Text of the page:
However, it is clear from recent evidence that the patterns of community regeneration in response to weed management is moderated by at least three key attributes: (1) mechanism by which the weed is removed (see classic example here), (2) landscape context and (3) ‘resilience’ of the community to invasion. For instance, we are finding that lantana is removed either mechanically (sometimes using heavy machinery, such as tractors and slashers) or chemically, and I anticipate that the pattern of vegetation response will differ between these two control methods. Disturbance of the soil, through mechanical removal, may activate seeds stored within the soil and facilitate native plant recruitment. Alternatively, mechanically-controlled sites may become dominated by secondary weeds, as a result of soil disturbance, which inhibit recruitment of native species… we do not know what to expect, but I predict nonetheless that these two modes of weed management will have divergent trajectories of native vegetation restoration. Other methodological factors that may influence how the vegetation recovers post invasion include: how long was lantana present prior to its removal? How much lantana was removed, and how often; once only, or were follow-up treatments used to prevent it from re-establishing? How many practitioners participated in the removal programme?
Likewise, we are finding that lantana removal is conducted across a gradient of vegetation cover within the landscape matrix, and I anticipate that each managed site’s landscape context will moderate patterns of community regeneration post lantana removal. Sites embedded within a forested matrix are likely to contain a diverse and abundant suite of plant propagules within the soil seed bank and higher rates of visitation by avian frugivores than sites located in extensively cleared landscapes. Will forested sites thus experience faster rates of vegetation regeneration once lantana is removed compared to managed sites with little residual vegetation in the surrounding landscape?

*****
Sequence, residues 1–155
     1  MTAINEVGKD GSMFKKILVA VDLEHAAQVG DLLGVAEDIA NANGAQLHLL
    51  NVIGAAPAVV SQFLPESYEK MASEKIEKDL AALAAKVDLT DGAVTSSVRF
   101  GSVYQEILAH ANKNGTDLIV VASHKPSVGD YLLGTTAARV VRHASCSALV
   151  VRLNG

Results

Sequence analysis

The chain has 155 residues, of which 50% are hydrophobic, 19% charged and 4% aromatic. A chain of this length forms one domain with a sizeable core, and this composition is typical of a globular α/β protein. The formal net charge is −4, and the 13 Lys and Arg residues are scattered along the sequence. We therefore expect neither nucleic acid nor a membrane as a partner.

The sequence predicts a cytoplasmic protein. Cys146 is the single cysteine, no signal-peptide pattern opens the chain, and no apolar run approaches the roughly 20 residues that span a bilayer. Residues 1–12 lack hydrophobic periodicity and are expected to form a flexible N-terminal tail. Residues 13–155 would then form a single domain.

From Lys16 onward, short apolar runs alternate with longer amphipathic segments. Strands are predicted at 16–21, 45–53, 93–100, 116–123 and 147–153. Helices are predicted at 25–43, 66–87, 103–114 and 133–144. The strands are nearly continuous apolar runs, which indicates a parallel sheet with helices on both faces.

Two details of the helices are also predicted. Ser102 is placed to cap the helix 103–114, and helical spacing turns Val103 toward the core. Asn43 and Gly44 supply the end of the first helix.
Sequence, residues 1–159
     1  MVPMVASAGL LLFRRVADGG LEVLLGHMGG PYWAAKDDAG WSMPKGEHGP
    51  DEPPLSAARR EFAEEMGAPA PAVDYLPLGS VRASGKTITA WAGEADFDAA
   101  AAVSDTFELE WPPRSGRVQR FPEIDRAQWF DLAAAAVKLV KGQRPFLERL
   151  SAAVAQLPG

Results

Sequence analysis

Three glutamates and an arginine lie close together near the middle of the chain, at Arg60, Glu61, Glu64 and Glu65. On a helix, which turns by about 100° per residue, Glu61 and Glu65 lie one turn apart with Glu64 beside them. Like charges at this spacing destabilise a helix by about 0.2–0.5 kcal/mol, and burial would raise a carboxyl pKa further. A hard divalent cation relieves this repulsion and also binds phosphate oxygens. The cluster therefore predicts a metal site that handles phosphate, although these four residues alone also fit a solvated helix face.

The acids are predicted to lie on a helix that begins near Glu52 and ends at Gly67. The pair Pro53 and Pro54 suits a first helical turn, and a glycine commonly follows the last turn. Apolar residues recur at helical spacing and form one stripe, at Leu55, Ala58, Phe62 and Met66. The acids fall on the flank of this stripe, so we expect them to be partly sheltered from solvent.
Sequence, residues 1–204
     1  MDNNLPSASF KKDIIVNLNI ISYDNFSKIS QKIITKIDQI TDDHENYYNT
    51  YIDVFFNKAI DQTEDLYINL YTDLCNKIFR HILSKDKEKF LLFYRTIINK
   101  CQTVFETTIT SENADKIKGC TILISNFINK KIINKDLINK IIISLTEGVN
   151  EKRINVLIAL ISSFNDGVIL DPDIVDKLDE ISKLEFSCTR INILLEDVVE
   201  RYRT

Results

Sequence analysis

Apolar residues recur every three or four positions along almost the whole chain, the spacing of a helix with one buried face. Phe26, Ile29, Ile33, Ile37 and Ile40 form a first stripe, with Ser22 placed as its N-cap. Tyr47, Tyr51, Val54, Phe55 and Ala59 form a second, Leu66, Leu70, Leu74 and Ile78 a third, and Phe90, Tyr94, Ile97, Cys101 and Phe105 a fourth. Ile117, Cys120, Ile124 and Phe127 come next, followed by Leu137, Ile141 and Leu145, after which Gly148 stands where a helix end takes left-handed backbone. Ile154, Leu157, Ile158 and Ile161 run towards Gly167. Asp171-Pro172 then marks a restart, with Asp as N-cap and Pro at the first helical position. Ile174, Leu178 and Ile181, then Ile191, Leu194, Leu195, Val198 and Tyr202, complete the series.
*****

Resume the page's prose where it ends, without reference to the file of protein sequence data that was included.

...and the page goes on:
My overall aspiration, therefore, is to determine optimal regimes of woody weed management with regards to promoting native vegetation regeneration across invaded landscapes. Through extensive vegetation surveys, coupled with complex general linear mixed models, I will attempt to develop a model of vegetation regeneration, based on where, when and how lantana has been removed, as well as landscape attributes and functional traits of the native plants themselves.
People, place and entangled ontologies
Weed management is as much a function of the people who engage with the weed as the native vegetation that are impacted by the weeds. I wish to acknowledge the fabulous work that my colleagues Nick Gill and Natalia Adan are doing on working with local land managers and private custodians on weed management systems and landscape change. I’m a bush boy who is still grappling with objective realities versus entangled ontologies, but I am learning to be more open to understanding how ecological and human cultural systems are entangled, not separate – and I thank them for this opportunity to play a part in their research.